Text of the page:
PHOTO CREDIT TENELLE STARR
The controversial shirt.
What in the world would ever possess a middle-aged woman to openly harass a young teenager to an alarming level of intimidation? I have my theories, and not only are they unflattering, they are downright disturbing.
It was early last year when I had first seen one of those "Got Land? Thank an Indian!" sweatshirts at a local sporting event. Recently, however, this undeniably thought-provoking statement, on a simple article of clothing worn by a 13-year-old girl, seems to be lighting up national news outlets, social media websites and coffee shops across Canada as individuals discuss and debate the merits of a topic infused with multiple layers of political controversy.
What was not expected, however, was the preposterous and inexcusable behaviour by 52-year-old Michele Tittler of Vancouver in response to the publicity surrounding young Tenelle Starr’s creative statement.
When Starr, a member of the Star Blanket First Nation in Saskatchewan, had returned to school after her Christmas break a couple of weeks ago, she opted to wear a bright pink sweater with the words, "Got Land? Thank an Indian!" emblazoned upon it. Unimpressed, school officials initially deemed the message on Starr’s sweater to be offensive and demanded that she change her attire. Although officials eventually relented, enough publicity had been drawn to Starr’s experience to deem it newsworthy.
Discussions and dialogues were sparked from coast to coast involving treaty rights, race relations, the feasibility of the proposed Alberta tar sands project, and the freedom of expression. What was most impressive, however, was not what each individual party believed in most passionately, but the mere fact this little pink sweater had brought so much attention to the proverbial white elephants that seem to continue roaming freely in our country.
How is Tittler, a self-proclaimed political activist, involved with Starr’s sweatshirt incident? Tittler has admitted that it was her own unsolicited and racially inflammatory comments on Starr’s Facebook page that prompted the terrified teen to temporarily deactivate her account.
Tittler has justified her decision to troll a teenager’s Facebook page by insisting that it is a public space.
While Tittler’s family reportedly renounced her disturbingly offensive behaviour, is it quite possible that their own business interests are fuelling Tittler’s campaign against anything and everything that appears remotely associated with First Nations peoples.
Even though Konrad Tittler, Michele’s 81-year-old father, has expressed his deepest regrets at his daughter’s behaviour, it is impossible to ignore the fact that he and at least one of his sons have built their careers within an industry that the majority of First Nations staunch oppose.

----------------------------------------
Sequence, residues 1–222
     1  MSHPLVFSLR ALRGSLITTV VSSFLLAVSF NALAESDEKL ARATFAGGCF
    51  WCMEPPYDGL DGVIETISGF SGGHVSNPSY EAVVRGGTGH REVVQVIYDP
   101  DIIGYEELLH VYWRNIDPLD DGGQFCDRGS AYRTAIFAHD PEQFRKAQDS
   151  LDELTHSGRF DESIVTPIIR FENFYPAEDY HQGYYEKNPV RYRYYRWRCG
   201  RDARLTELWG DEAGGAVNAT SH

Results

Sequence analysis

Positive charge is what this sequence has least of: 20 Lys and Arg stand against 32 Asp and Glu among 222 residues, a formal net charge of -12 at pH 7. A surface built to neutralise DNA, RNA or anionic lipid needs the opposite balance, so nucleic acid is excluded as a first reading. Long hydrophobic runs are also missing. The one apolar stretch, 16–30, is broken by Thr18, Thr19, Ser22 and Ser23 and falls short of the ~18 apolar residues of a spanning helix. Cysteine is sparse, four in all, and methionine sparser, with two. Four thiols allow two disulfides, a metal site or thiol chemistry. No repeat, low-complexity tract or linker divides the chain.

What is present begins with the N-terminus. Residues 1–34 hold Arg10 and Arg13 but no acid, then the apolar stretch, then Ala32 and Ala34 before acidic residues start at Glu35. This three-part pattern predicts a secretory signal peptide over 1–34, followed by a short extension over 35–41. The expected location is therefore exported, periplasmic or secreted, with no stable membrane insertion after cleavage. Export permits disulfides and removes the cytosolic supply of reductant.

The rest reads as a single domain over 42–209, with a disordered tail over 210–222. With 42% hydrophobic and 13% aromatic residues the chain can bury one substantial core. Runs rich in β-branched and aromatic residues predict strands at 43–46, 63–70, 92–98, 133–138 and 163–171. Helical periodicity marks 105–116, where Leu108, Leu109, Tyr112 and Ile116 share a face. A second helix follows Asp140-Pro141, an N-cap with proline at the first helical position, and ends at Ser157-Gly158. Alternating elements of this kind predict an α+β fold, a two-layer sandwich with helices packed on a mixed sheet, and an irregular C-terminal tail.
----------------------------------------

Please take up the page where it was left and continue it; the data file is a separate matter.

Konrad Tittler, Senior and Junior, have both made their livings in the industrial sector, with Diachem Industries and Diacon Technologies, each of which involve the environmental recovery of land, water and lumber after they have been stripped and polluted by various mining methods. One might argue the virtues of their apparent consideration for the environment’s well-being, through their chosen ventures, but they still remain clear beneficiaries from the final product of such a controversial industry.
Now, let us try to approach Ms. Tittler’s motives once again. Should the First Nations people one day prove successful in their opposition to an under-consulted construction of an oil pipeline in the western provinces, then maybe the likes of the Tittler’s family services will no longer be necessary or profitable. The First Nations’ protests of the proposed tar sands’ project could be perceived as a threat to the energy industry’s direct investments and any tertiary service providers within the supply-and-demand chain.
It is quite possible, that Michele Tittler’s outrageous attacks upon an innocent young teenager are rooted more in greed and ignorance than in her alleged concerns for racially balanced justice and the restructuring of Canada’s treaties with First Nations groups.
After all, Tittler is just one of many who stand to benefit in some way through the construction of any sort of pipeline ... and Tenelle Starr is just one of many who is willing and ready to speak up and to stand her ground.
» Trish Cullen-Watt is a Carberry resident who performs freelance research in genealogy, local historical events and First Nations issues. Her email is email@example.com
Republished from the Brandon Sun print edition February 1, 2014